Helveticosaurus was a marine reptile that lived during the Triassic period, about 242 million years ago, in what is now Switzerland. From snout to tail it measured a little over six feet long. The genus name translates to “Swiss Reptile” in reference to where this creature used to live.
|Life reconstruction of Helveticosaurus in watercolors by Christopher DiPiazza.|
Helveticosaurus is known from an almost complete articulated skeleton. Because of this we have know a lot about its anatomy. However, its combination of features is so unusual that scientists are still unsure as to what Helveticosaurus was, beyond a kind of diapsid reptile. Diapsids have two openings in their skulls beyond their nostrils and eye sockets. It's a vast grouping of animals, so it doesn't really narrow down what Helveticosaurus was closest related to.
|Helveticosaurus skeleton on display in the Paleontology Museum of Zurich, in Switzerland.|
Helveticosaurus had a long tail that was flattened laterally. This would have been ideal for swimming. It probably used its tail, powered by large muscles at its base, as its main mode of propulsion in the water. However, unlike a lot of other marine reptiles, Helveticosaurus also had proportionally long, and very powerful arms. It may have used these arms, tipped with long fingers which may have been webbed in life, to help steer while swimming. It has also been suggested that these arms could have been another source of propulsion.
|Close up of Helveticosaurus' skull. It was broken and crushed sometime in the 242 million years since the animal died, but you can clearly make out the extremely long teeth.|
The skull of Helveticosaurus is also uniquely short, almost box-shaped and its teeth were long, curved, and pointed. The longest teeth growing from the front of the snout. This is an especially odd combination of adaptations since most marine animals with teeth like that possess long snouts to better capture swimming prey. Most marine animals with short snouts, like Marine Iguanas, have small teeth, that when paired with the blunt snout, are ideal for clipping underwater plants and algae. It has also been suggested that the short snout, which allows for more concentrated power when biting down, was an adaptation for eating shelled mollusks and crustaceans, like modern walruses do. However, animals that eat that kind of prey have blunt, wide teeth, for crushing. Helveticosaurus' long, narrow teeth look like they'd break if they were trying to crush hard shells. Does this mean Helveticosaurus was an evolutionary failure? Absolutely not. It simply means we haven't figured out how it was feeding yet. Hopefully a new discovery or idea will help us find out in the future! As of now, most scientists agree that Helveticosaurus was eating meat in some form, based on its teeth. Exactly which kind and how is still a mystery.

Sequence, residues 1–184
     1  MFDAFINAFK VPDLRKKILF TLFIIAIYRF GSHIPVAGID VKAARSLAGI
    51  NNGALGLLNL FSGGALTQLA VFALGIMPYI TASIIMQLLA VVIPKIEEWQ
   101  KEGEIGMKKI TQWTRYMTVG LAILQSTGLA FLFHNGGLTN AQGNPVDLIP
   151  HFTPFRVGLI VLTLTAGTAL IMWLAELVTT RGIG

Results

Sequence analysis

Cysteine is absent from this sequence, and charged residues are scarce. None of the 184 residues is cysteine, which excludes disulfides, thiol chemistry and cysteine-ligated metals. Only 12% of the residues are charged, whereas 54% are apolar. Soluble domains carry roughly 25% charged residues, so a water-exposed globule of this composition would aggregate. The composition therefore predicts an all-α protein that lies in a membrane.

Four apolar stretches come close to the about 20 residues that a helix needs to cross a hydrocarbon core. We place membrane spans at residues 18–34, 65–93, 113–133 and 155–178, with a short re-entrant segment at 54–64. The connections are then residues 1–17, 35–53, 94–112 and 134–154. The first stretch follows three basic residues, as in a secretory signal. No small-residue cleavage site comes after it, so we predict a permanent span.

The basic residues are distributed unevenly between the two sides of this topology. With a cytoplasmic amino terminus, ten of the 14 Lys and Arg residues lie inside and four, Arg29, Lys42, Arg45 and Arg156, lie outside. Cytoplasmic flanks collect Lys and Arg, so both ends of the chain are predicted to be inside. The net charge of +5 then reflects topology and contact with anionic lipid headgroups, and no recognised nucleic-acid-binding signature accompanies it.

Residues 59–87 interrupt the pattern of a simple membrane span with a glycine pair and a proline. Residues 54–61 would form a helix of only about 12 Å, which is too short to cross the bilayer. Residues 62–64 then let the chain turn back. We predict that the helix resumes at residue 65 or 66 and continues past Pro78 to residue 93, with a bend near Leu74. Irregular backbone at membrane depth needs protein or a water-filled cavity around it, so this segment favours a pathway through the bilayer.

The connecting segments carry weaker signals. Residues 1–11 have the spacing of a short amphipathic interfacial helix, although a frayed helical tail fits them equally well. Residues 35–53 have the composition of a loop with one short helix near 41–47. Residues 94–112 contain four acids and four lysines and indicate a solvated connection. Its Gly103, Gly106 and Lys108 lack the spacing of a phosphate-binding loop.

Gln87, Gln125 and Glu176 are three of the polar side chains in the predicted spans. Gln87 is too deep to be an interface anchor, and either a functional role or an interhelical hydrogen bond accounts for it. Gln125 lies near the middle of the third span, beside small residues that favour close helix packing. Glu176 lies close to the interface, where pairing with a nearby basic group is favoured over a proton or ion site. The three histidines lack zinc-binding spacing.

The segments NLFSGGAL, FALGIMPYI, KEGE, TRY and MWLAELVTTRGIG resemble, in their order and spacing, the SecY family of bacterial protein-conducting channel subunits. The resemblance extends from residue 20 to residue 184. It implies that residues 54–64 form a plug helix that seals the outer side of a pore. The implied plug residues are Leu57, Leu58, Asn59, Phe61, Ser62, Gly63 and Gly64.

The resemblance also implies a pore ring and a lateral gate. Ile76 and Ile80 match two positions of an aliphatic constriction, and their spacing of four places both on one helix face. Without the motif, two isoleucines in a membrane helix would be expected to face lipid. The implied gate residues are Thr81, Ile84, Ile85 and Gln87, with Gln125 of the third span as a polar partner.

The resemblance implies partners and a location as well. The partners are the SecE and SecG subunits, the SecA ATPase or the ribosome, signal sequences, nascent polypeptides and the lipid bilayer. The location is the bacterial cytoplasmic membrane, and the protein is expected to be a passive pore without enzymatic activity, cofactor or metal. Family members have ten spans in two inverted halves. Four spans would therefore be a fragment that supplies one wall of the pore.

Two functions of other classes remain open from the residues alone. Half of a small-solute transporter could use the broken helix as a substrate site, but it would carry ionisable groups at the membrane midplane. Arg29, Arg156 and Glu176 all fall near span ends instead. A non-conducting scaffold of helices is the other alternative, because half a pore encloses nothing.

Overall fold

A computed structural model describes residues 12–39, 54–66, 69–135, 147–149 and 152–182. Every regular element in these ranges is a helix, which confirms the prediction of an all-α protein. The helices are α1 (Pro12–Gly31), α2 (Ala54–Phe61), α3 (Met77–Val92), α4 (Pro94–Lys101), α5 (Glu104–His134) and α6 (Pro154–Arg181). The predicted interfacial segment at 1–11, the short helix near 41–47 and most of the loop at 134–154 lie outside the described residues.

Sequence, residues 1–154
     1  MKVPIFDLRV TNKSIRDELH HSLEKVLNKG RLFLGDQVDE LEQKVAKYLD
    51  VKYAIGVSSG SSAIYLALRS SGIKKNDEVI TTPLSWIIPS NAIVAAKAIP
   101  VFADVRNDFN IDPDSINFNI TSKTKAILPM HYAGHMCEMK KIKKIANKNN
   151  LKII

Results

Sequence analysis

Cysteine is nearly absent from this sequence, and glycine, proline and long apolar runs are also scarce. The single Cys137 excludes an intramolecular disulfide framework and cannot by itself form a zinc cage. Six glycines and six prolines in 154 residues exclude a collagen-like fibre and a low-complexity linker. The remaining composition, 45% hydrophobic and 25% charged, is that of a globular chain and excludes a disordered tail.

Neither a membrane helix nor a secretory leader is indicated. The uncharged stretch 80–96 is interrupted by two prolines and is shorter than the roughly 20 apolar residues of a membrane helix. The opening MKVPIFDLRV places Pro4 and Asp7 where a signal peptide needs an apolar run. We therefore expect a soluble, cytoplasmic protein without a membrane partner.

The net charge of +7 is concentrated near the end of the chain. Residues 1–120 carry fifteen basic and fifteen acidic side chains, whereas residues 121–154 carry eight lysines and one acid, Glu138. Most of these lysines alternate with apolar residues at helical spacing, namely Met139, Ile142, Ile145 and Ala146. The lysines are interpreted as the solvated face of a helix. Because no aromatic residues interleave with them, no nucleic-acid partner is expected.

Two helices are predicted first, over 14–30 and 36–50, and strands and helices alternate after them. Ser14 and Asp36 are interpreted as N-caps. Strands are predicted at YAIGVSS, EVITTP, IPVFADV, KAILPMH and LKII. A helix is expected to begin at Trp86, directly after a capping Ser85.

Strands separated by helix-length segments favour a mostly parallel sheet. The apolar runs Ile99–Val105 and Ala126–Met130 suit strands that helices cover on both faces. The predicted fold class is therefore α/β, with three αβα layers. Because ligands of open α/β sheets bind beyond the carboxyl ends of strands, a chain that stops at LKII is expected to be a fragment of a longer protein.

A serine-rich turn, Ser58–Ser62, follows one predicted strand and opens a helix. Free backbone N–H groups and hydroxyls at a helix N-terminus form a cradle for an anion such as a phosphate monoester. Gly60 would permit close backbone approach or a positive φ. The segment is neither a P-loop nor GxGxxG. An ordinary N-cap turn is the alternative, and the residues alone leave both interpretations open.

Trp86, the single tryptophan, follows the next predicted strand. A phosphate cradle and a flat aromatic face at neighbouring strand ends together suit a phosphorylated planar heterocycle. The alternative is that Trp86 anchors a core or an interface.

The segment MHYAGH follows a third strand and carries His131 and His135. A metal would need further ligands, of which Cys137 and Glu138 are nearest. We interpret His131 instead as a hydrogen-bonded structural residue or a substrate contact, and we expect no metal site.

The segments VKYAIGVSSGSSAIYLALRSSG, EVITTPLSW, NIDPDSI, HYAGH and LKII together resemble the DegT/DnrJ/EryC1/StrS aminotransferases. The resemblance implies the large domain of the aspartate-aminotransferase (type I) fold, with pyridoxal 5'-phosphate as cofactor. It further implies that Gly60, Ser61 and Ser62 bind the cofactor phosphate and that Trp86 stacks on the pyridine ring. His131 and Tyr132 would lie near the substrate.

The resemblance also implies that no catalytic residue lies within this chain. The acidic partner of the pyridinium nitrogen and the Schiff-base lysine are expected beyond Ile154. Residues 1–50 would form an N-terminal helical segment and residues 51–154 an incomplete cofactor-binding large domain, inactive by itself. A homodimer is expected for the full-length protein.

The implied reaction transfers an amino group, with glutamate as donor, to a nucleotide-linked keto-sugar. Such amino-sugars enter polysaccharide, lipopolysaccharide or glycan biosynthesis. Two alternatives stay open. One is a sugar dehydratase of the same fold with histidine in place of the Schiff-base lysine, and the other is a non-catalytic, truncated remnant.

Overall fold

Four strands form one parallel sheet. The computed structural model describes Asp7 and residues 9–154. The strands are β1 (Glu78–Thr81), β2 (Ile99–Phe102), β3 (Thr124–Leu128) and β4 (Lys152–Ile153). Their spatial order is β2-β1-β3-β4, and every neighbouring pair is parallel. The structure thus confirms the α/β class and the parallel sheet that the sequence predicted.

That is all for this week! What do you think Helveticosaurus was using its odd combination of traits for? Leave your ideas in the comments below!
Bernhard Peyer (1955). "Die Triasfauna der Tessiner Kalkalpen. XVIII. Helveticosaurus zollingeri, n.g. n.sp.". Schweizerische Paläontologische Abhandlungen. 72: 3–50.
Naish, D. (2008). "One of so many bizarre Triassic marine reptiles." Weblog entry. Tetrapod Zoology. 13 September 2008. Accessed 24 July 2009.
Neenan, J. M.; Klein, N.; Scheyer, T. M. (2013). "European origin of placodont marine reptiles and the evolution of crushing dentition in Placodontia". Nature Communications. 4: 1621